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See detailIncome and Wealth Volatility: Evidence from Italy and the U.S. in the Past Two Decades
Menta, Giorgia UL; Wolff, Edward; d'ambrosio, Conchita UL

in Journal of Economic Inequality (2021), 19(2), 293-313

Income volatility and wealth volatility are central objects of investigation for the literature on income and wealth inequality and dynamics. Here we analyse the two concepts in a comparative perspective ... [more ▼]

Income volatility and wealth volatility are central objects of investigation for the literature on income and wealth inequality and dynamics. Here we analyse the two concepts in a comparative perspective for the same individuals in Italy and the U.S. over the last two decades. We find that in both countries wealth volatility reaches significantly higher values than income volatility, the effect being mostly driven by changes in the market value of real estate assets. We also show that there is more volatility in both dimensions in the U.S. and that the overall trend in both countries is increasing over time. We conclude by exploring volatility in consumption. [less ▲]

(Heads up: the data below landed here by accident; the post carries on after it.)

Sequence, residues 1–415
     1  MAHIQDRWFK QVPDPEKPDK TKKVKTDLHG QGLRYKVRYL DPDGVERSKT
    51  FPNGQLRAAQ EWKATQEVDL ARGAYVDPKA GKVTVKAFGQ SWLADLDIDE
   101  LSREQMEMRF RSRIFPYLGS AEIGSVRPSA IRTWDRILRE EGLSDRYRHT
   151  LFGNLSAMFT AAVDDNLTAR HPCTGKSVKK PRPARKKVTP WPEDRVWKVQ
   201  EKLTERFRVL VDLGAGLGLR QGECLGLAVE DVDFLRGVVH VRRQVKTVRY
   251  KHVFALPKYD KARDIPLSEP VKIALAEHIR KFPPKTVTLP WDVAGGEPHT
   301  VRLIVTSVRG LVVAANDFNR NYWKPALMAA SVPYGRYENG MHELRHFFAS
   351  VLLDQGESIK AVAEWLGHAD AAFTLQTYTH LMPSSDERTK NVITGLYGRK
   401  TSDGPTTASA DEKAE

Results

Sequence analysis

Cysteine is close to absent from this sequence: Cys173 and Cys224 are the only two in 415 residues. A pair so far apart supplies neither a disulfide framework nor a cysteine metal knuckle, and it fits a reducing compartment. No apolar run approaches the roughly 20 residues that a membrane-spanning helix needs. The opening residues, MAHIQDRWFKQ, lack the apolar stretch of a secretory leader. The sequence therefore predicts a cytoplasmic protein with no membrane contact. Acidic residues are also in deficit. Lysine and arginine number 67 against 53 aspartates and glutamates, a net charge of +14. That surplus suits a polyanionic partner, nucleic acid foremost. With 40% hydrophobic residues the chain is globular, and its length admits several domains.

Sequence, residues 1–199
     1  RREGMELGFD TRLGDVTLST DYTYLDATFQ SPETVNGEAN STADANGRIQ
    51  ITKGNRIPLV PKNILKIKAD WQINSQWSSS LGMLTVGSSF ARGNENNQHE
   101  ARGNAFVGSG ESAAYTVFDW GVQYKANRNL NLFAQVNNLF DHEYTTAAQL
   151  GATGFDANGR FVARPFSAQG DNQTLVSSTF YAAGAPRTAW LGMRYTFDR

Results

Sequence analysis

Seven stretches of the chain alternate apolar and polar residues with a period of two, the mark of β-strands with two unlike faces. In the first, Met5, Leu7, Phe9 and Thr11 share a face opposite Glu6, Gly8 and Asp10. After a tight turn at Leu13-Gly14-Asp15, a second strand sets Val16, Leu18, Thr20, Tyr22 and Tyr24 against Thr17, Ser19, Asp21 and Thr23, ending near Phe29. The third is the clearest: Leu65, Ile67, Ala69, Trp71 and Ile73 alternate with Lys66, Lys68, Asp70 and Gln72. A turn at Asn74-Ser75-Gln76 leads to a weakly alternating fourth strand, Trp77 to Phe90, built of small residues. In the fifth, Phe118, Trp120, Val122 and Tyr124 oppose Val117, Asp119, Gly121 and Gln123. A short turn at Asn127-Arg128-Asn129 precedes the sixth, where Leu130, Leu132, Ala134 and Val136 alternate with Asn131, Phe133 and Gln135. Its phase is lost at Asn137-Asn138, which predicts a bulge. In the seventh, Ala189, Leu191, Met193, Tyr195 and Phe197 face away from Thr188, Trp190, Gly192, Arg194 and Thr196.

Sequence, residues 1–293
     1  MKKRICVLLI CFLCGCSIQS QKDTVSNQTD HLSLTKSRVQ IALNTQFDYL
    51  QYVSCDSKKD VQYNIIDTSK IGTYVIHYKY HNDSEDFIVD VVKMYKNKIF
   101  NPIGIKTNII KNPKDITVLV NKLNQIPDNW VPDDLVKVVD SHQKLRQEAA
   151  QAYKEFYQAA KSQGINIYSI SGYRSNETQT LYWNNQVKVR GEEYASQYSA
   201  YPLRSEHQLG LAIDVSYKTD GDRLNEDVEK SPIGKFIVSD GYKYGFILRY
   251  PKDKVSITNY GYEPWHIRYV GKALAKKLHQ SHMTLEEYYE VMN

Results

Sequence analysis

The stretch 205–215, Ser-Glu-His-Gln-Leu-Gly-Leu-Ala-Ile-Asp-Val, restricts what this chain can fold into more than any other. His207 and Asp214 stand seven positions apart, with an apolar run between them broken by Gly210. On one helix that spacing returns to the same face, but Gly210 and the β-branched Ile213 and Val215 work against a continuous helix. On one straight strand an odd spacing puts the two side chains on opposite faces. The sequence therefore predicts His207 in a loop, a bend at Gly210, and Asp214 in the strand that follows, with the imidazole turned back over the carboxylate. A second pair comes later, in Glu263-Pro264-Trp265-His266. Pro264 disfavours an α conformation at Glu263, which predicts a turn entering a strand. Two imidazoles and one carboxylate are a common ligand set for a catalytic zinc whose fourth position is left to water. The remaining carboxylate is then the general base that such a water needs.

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See detailBoys don't cry (or do the dishes): Family size and the housework gender gap
Menta, Giorgia UL; Lepinteur, Anthony UL

in Journal of Economic Behavior and Organization (2021), 186

We here use data from the British Cohort Study (BCS) to link family size to age-16 children’s contribution to household chores and the adult housework gender gap. Assuming that home production is an ... [more ▼]

We here use data from the British Cohort Study (BCS) to link family size to age-16 children’s contribution to household chores and the adult housework gender gap. Assuming that home production is an increasing function of family size and using an instrument to account for the endogeneity of fertility, we show that larger families have a different effect on boys and girls at age 16: girls in large families are significantly more likely to contribute to housework, with no effect for boys. We then show that childhood family size affects the housework gender gap between the cohort members and their partners at age 34. Women who grew up in larger families are more likely to carry out a greater share of household tasks in adulthood, as compared to women from smaller families. In addition, growing up in a large family makes cohort members more likely to sort into households with a wider housework gender gap as adults. We show that the persistent effect of family size is due to the adoption of behaviours in line with traditional gender roles: a lower likelihood of employment and shorter commutes for women, along with a higher employment probability for their partners. [less ▲]

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